been given a bad rap. Their human-body equivalent is nothing
short of disrespectful. Where, after all, would bartenders, movie critics,
and Sunday-morning television be without an opinion -- wise, ridiculous, or
somewhere in between -- to share with the world?
I've got a few opinions to share this week, on topics you may have
researched a little yourself. (Not that research has anything to do with
having an opinion.)
I think the Grizzlies have to trade Pau Gasol. The heartbreak of getting
shafted in the Oden/Durant sweepstakes is going to take years to heal. (And
be warned Memphis fans: it's going to get worse the more success Portland
and Seattle have in the seasons ahead.) Outgoing team president Jerry West
has gone on the record as saying the Grizzlies need a "superstar." Talented
All-Star that Gasol is, as long as he remains the face of this franchise, a
collective malaise is going to drag the operation down, even if it manages
to scratch and claw its way back into playoff contention. Something dramatic
has to happen -- to the team we see on the floor -- before the opening tip of
the 2007-08 season.
If Seattle winds up with Kevin Durant (as they likely will), perhaps the
Sonics will put Rashard Lewis on the trading block. If a package that
included Gasol AND the fourth pick in next month's draft would bring Kevin
Garnett -- and a contract extension -- to Memphis, I'd do it in a heartbeat.
Whatever might be available this summer, it's time the Grizzlies utilize
their most attractive trade commodity and start getting over the
disappointment of May 22nd.
I think a new, on-campus football stadium for the University of Memphis is
a great idea. But I don't want a dime of my taxes paying for it.
Liberty Bowl Memorial Stadium is a relic. It's a relic I happen to have some
affection for, having attended my share of memorable games there, from the
Showboats to the Tigers, from the Southern Heritage Classic to our
postseason bowl game. But it's cracking, the seats are uncomfortable, the
concourses are too narrow, and its location -- the fabled Mid-South
Fairgrounds -- stinks. If a new stadium is to be built, it should be
somewhere, anywhere on the U of M campus. Paying for it, of course, is the
I have to believe that deep-pocketed U of M alumni and boosters like
outspoken Bank of Bartlett president Harold Byrd would be willing to put
their money where their mouths (and hearts) are and fund a large portion of
the project. With help from the university itself -- yep, a slight increase
in tuition would be necessary for all the students who would benefit from
the facility -- and the good folks behind Fred Jones at the Southern Heritage
Classic and Steve Ehrhart at the AutoZone Liberty Bowl Football Classic, a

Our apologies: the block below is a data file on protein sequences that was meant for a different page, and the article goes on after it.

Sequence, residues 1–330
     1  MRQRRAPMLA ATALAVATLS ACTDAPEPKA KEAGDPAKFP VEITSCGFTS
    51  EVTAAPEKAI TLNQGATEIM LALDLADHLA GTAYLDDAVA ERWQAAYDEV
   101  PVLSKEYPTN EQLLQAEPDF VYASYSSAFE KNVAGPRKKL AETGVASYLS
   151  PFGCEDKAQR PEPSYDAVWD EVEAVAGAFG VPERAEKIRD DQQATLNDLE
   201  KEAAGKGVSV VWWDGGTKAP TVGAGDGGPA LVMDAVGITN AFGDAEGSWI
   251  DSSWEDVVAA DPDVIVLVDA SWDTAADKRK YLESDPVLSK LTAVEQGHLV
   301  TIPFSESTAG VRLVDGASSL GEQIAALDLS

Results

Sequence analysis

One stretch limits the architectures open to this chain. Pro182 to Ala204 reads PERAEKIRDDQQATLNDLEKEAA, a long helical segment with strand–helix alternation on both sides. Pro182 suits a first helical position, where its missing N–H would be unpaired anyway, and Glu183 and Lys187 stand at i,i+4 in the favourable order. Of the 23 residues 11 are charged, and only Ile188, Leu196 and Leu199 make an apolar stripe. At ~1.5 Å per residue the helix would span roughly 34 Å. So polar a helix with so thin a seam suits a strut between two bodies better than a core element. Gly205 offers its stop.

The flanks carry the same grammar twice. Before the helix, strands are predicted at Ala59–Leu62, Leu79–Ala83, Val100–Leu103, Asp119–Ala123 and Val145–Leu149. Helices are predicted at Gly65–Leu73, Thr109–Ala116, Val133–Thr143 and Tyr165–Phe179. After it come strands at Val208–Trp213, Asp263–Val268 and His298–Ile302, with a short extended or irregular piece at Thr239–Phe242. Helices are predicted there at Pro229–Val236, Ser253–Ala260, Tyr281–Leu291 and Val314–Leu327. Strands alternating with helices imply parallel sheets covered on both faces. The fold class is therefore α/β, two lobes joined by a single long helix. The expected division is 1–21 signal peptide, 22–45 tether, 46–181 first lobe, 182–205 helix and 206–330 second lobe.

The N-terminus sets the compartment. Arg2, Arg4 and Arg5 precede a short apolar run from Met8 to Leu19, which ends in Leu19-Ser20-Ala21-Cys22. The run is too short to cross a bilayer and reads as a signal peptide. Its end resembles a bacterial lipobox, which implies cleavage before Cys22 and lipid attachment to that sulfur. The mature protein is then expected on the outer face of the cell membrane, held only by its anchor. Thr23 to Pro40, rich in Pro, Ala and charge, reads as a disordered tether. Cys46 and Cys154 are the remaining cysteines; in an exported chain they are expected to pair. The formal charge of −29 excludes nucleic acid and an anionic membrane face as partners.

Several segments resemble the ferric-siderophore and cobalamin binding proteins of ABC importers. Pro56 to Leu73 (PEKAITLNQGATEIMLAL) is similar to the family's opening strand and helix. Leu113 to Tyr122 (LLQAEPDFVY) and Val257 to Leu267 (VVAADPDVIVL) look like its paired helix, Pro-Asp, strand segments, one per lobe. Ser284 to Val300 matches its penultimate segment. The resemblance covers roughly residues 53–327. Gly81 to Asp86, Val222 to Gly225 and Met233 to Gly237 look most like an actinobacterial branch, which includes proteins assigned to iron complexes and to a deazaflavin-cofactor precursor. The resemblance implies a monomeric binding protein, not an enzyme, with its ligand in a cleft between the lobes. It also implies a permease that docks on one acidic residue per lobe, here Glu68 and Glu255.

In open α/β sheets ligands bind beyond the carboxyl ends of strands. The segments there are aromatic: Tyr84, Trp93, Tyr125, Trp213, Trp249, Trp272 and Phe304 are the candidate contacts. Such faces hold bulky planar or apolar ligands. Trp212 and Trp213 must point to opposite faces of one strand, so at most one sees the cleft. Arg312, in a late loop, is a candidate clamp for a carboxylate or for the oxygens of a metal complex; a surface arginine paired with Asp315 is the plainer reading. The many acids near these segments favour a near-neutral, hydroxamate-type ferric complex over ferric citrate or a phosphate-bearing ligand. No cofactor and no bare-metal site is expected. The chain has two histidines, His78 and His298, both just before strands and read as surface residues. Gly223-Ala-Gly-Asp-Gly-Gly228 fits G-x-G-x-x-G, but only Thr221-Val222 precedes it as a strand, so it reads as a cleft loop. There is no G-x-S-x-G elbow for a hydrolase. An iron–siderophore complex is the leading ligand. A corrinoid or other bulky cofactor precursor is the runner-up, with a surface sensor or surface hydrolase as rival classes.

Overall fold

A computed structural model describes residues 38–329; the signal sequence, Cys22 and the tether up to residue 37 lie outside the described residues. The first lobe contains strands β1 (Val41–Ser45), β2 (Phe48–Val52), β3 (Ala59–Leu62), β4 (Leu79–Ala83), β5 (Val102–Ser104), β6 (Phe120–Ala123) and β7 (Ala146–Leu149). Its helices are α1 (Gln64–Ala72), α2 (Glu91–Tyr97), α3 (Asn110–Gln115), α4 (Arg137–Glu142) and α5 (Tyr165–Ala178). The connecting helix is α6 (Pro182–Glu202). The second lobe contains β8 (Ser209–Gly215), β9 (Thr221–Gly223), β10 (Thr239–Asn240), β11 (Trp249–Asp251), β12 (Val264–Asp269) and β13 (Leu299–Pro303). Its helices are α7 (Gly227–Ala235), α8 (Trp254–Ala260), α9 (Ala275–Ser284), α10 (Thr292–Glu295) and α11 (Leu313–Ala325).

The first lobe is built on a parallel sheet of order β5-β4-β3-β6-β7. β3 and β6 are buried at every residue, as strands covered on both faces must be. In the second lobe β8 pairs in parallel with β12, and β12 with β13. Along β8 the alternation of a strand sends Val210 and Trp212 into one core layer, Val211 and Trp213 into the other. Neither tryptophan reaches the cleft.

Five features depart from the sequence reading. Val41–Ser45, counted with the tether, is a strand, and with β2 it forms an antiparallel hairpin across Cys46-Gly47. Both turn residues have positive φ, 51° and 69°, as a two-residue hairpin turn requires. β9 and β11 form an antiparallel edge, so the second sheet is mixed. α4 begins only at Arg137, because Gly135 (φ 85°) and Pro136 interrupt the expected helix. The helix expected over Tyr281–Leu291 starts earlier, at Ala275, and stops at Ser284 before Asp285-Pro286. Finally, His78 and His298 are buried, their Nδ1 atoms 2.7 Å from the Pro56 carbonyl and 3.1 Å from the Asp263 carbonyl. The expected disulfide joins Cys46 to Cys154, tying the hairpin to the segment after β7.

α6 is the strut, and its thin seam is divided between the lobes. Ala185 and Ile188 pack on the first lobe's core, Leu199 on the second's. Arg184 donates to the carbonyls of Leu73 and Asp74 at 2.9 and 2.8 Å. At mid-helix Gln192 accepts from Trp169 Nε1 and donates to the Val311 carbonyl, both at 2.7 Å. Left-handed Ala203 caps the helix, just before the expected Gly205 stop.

stadium could rise with all the modern comforts football fans (and football
sponors!) desire. The Tigers have some winning to do before they can fill a
60,000-seat stadium without Ole Miss or Tennessee on the other sideline. But
the dream of an on-campus stadium is worth chasing. (As soon as Memphis'
school system and crime problems are given the financial boost they each
require, I'll be ready to send some tax dollars the stadium's way.)
I think Memphis needs more megafights like the Taylor-Spinks affair of May
19th. Say what you will about the entertainment value of the main event (it
was a lousy dance, not worthy of the term "fight"), Taylor-Spinks pulled the
same unique trick Lewis-Tyson did in 2002 and Tarver-Johnson did in 2005.
The fight drew a diverse crowd to a Memphis sporting event. There were too
many empty seats in the lower bowl of FedExForum (a visible reason promoters
should drop the prices), but it was a crowd as black as it was white. Better
yet, it was an engaged crowd. Fight fans tend to pay better attention to
what they've paid to see than do NBA fans or college football fans. They pay
much better attention than any baseball fan you'll find at AutoZone Park.
With the lights of HBO shining, these are special nights for Memphis. We
need more of them.
I think it's promotion time in the St. Louis Cardinals system. Time to see
if the power 27-year-old Rick Ankiel has shown in Memphis translates to the
big leagues. And time to see if 20-year-old Colby Rasmus (hitting over .300
at Double-A Springfield) can play centerfield every day at AutoZone Park.
The Cardinals are in free-fall and Jim Edmonds and Juan Encarnacion will not
be manning the outfield at Busch Stadium two years from now. Time for the
young (Rasmus) and not-so-young (Ankiel) to grow up, and fast.
With Memorial Day upon us, I think we should turn away from the ball games
long enough to reflect on the thousands of lives lost -- American and Iraqi --
in the ongoing war in the Middle East. And I think we should use whatever
platform available to us -- large or small, local or national -- to find an
end to the horror. An opinion I hope you share.